Straight Outta Compton (2015)

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R Kitchen Soul Food
Los Angeles, California

“R Kitchen is the place to be (or pick up from)! A friendly stop in the neighborhood with extremely flavorful dishes that do not skimp in any way.”
“This place is so good! Support your local black-owned eateries and eat here!!! I highly recommend it. I got the fried chicken lunch which comes with 3 pieces of chicken, 2 sides and cornbread. I got candied yams and mac n cheese as my sides and they were both SO good.”
“Let me start by saying that the portions here are huge!! For the price you pay, you certainly are getting a bang for your buck.”


Black Stories Film Series #18: 

“Straight Outta Compton” (2015) allows director F. Gary Gray to return his roots, in the streets of Los Angeles in the late 80’s and 90’s to tell the story of N.W.A. the notorious rap group that monumentally changed the music industry, which included his “Friday” (1995) star, Ice Cube. Those who are fans of Gray’s early work (“Friday,” & 1996’s “Set It Off”) or Cube’s “Boyz N The Hood” (1991), will instantly understand the references woven into this long-awaited biographical story.

The incendiary group N.W.A. (N* With Attitude) from Compton, California was founded by Dre (né Andre Young), Ice Cube and Eric “Eazy-E” Wright, was one of the most significant voices in the music genre “gangsta rap” and solidified themselves as one of the most influential artists in all of hip hop music. Active from 1987 – 1991, their most notable hit was the controversial “Fuck tha Police” which was included on the 1988 album Straight Outta Compton (hence the films title). The song was considered a protest song that expressed aggravation about the police brutality and racial profiling that was consistently oppressive in predominantly black neighborhoods. Notably, the rise of this group came at the same time as Spike Lee’s angered call-out on the barbarity of police, and the subsequent lack of accountability in his film 1989 film, “Do The Right Thing.” This song was met with a letter of intimidation from the United States FBI, citing that the lyrics incited violence, and misrepresented the police. In 1991, Rodney King was pulled over and senselessly beaten by the LAPD, and because it was captured on tape, it fueled the infamous riots across Los Angeles from communities who were fed up with the bullying behavior of the police and the lack of government support.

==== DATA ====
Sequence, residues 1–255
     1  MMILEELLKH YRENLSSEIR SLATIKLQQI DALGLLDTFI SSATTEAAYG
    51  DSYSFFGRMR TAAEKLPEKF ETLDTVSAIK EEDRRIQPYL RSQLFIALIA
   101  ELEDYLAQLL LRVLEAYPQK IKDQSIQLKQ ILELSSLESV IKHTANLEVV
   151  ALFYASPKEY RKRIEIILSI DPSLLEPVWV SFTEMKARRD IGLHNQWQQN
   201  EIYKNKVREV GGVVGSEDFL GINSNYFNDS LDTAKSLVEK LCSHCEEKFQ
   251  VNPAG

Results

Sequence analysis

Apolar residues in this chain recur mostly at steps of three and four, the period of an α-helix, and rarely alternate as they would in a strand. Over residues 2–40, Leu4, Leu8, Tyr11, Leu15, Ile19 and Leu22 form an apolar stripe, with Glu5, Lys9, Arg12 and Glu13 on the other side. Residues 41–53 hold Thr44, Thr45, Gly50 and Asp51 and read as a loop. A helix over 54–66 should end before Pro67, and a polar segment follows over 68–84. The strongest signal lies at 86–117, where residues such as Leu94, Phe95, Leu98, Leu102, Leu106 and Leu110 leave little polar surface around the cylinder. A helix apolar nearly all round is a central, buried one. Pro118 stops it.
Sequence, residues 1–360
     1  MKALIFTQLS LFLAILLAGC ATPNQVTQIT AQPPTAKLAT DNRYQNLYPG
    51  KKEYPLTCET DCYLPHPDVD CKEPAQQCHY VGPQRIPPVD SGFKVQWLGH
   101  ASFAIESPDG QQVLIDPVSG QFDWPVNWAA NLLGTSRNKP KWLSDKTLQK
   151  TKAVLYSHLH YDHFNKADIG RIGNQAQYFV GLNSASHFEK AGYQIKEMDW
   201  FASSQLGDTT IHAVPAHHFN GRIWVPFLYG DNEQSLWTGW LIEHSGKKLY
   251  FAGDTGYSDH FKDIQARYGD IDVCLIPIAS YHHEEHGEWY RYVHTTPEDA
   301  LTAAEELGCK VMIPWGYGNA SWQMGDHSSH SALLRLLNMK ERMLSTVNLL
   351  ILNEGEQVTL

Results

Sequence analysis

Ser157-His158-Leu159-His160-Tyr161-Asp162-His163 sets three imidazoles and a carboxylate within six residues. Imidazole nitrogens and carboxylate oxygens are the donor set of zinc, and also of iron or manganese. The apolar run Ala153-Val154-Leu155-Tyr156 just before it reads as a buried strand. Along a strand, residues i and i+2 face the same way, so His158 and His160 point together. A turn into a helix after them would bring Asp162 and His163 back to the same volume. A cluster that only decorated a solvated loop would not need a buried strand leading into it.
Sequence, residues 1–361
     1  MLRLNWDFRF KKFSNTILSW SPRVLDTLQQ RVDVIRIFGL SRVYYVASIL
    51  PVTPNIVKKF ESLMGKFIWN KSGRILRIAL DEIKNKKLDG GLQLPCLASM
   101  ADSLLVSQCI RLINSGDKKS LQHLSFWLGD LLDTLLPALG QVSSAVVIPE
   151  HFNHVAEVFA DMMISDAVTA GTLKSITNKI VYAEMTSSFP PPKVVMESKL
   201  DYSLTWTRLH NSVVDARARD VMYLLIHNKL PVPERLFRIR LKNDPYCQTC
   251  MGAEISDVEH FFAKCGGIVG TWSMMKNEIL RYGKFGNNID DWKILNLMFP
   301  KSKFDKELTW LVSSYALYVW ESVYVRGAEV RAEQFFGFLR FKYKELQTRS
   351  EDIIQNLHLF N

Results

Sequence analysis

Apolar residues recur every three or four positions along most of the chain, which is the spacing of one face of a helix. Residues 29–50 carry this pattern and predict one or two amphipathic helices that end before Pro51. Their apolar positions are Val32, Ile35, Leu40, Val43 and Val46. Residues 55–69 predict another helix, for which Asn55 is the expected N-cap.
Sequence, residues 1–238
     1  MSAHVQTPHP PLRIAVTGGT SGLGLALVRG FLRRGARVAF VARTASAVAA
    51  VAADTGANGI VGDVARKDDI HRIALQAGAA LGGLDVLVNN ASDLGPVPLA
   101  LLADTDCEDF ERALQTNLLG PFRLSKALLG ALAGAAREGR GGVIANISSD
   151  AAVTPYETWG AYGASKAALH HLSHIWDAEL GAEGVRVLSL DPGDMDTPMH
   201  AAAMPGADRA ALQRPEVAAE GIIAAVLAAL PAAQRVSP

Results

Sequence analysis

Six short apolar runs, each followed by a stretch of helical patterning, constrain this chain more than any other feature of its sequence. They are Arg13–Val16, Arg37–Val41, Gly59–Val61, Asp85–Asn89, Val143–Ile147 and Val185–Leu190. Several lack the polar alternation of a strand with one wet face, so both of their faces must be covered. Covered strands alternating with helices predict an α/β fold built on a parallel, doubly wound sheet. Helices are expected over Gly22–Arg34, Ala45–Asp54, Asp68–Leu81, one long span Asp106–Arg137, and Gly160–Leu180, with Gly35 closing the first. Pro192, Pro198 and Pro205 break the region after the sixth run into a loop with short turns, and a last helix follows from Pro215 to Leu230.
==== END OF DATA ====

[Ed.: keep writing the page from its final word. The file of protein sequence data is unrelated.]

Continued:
This film weaves in all of these major aspects of the story with the personal touch that brings it to life, and allows fans to feel connected to the story as well. These details are accessible because the creators of the film are some of the groups original members themselves, telling their story – Ice Cube and Dr. Dre produced the film. Ice Cube is portrayed by his son, O’Shea Jackson Jr., who is a spitting image. Corey Hawkins is Dre, Jason Mitchell is Eazy-E, Aldus Hodge is MC Ren, and Neil Brown Jr. is Dj Yella, all well-cast and uncanny.